A Look Back At How We Got From There to Here in the Blogosphere

This past weeks’ events and recent reading, as if added to blender, poured forth some new insights.

In the days and weeks leading up to a busy set of family festivities (June birthdays and both a niece and nephew’s high school graduations), I received several warning emails from GoDaddy informing me that my Coming2Terms blog — all 279 posts and 5,033 comments generated since February 2007 — would go up in smoke on June 25 if I didn’t find a way to move them from a product they were discontinuing to a new blog platform. To add insult to injury I had paid in advance to archive it through 2017, and oh yeah, there would be no company support for this mandatory technically intensive endeavor.

After a brief panic — and just before my 75 and 80 year old parents arrived from Detroit for an extended stay — I secured the talents of our next door neighbor’s tech savvy college-aged son (who shall be known going forward as my knight with shining coding skills).  As a result of his intrepid problem-solving software acumen, theComing2Terms blog has been relocated in its entirety to a new platform.  Talk about a terrific birthday gift.

blogComin2TermsIn the process of saving me from a few more gray hairs, my knight also got what can only be described as an immersion course on infertility. Can you imagine the conversation he had with his friends over beer, “yeah, so I’ve been coding the past few days in order to move this, uh, blog…”

With Coming2Terms safely backed up and in its new home, I’ve had a chance to catch up on some of my earlier most read posts, many of which range from self-conscious (Hi, I’m an Infertility Blogger) to searching or emotionally charged. You’ll find a few of the most read entries linked below:

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The last post in this list had particular significance when I read The Fertility Diary hosted by The New York Times Motherlode. Amy Klein shared the heart-wrenching outcome of a conversation with her doctor and husband about my whether to pursue more IVF treatments titled: “You’ve Done Everything You Can.”

Those of us who have faced particularly devastating treatment outcomes know how difficult it is to confront whether to continue or cease IVF. I also appreciate her confession:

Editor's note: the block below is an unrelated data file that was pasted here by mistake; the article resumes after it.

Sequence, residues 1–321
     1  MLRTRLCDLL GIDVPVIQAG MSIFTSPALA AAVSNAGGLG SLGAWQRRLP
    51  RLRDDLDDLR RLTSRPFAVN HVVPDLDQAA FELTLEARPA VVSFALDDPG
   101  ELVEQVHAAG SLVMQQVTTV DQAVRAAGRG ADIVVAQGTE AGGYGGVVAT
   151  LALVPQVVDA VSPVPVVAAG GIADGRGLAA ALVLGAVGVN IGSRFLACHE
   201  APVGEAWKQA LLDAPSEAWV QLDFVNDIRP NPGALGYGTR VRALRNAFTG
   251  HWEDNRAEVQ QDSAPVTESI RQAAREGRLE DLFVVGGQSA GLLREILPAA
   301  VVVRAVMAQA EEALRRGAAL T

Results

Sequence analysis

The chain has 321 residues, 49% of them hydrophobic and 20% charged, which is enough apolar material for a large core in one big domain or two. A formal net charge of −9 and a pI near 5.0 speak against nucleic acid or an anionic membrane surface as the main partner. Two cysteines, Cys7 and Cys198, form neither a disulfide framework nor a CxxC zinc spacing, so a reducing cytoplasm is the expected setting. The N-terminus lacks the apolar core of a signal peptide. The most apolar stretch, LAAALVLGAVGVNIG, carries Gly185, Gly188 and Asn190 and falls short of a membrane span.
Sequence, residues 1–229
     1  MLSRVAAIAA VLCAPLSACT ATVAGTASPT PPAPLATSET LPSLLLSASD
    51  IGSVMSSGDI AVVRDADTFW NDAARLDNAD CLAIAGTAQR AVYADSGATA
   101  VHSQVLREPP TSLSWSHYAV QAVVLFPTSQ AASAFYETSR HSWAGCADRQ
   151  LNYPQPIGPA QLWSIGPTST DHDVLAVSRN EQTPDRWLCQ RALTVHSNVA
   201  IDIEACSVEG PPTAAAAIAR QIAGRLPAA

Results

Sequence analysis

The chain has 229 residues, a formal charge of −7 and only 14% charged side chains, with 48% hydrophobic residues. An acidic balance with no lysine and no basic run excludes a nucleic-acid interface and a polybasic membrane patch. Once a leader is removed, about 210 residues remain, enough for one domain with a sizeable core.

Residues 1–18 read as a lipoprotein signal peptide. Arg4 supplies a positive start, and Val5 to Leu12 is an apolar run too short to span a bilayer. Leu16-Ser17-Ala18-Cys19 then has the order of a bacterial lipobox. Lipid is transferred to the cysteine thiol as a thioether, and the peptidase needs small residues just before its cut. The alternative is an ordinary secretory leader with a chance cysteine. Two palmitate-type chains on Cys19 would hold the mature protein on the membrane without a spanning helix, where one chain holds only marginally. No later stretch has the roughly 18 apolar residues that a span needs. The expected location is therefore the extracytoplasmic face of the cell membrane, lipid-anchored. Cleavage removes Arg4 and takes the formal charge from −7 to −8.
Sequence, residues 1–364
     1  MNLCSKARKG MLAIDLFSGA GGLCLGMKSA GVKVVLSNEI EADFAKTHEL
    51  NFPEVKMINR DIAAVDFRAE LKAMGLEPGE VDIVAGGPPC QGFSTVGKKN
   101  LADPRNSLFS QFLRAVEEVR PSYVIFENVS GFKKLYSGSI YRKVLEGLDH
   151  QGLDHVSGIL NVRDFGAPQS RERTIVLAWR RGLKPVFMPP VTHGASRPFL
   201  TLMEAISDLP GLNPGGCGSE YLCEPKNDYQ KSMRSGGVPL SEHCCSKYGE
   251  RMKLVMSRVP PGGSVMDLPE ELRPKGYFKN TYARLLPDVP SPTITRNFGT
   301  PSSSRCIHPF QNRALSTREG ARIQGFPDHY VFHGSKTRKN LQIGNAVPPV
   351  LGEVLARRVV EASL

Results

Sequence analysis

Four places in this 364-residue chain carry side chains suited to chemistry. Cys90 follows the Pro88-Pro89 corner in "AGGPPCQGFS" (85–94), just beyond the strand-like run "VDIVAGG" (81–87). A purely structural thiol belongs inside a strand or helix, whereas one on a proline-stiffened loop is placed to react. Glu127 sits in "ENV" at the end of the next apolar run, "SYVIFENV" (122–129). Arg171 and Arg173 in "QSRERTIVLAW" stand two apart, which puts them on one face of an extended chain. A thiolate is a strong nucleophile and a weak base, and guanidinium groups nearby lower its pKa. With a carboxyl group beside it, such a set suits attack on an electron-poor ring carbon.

In the past, I’d never understood people who said they were done, who gave up on their dream of having their own genetic children. But as I thought of the future, I could not picture myself taking any more shots. I could not imagine pumping myself up with more hormones. I couldn’t see how we would freeze more embryos for testing, only to find they were all chromosomally compromised.

There are the usual calls in the Motherlode comments beseeching her not to give up on her dream of motherhood. To those commenters I say in the nicest possible way: You are not helping. You can no more prescribe or guarantee someone else’s happiness than I can. Only Amy and her husband, after grieving their loss, will know what’s next in their lives.

To further amplify why we can’t let our myopic perceptions color someone else’s life, consider this description of the four stages of perception in Carolyn Hax’s Washington Post Q&A column:

Stage 1. When all you know or notice is yourself;

Stage 2. When you think everything that you have felt applies to others as well;

Stage 3. When you realize that others can go through the same thing as you but not feel the same way as you did;

Stage 4. When you can put yourself in other’s positions and understand what they feel.

Hax goes on to say: Everyone knows Stage 1 is obnoxious, but people stuck in Stage 2 can almost be more so, because they think they know something about you.

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Well said! And that’s why you won’t find those of us in the family-of-two-after-failed-infertility-treatment category actively proselytizing our way of life. No, what we want for anyone at the traumatizing crossroad following failed IVF or prolonged infertility is what we wish others had held out to us: supportive wishes of healing strength and sufficient time to grieve. Following that, we hope for a return to joy and in the best of all worlds, peace.

My heart goes out to Amy and the many others in her shoes as they wrestle with what comes next. As I said in my very first blog post

…not a day goes by that I don’t wonder what our child might have looked like, what longstanding family traits we might have passed on and how our lives might have been different.

The early days of coming to terms with a life different than the one we planned for were particularly difficult, but with each passing year we’ve found strength and, yes, even a sense of humor in the face of even the most ordinary awkward moments.

To wit, this past Sunday Mr. T. and I took our 15-year-old nephew out for a round of miniature golf.  The young man in the concession stand not only enthusiastically wished Mr. T a “Happy Father’s Day,” he comped him a game since on that day, we were informed, all dads golfed for free. We three looked at each other, bemused, shrugged and said, “why not?”

The silver lining in the frustrating and headache-inducing blog shift was that I was able to see how far I’ve come (with the help of many of you, dear readers) since I first sat down, nervous and a bit nauseous, to create Coming2Terms. If I could climb into a time machine and meet with 2007 Pamela, I would say with certainty: while there is no way to alleviate the pain of letting go of a dream, new beginnings and the peace you long for do indeed await.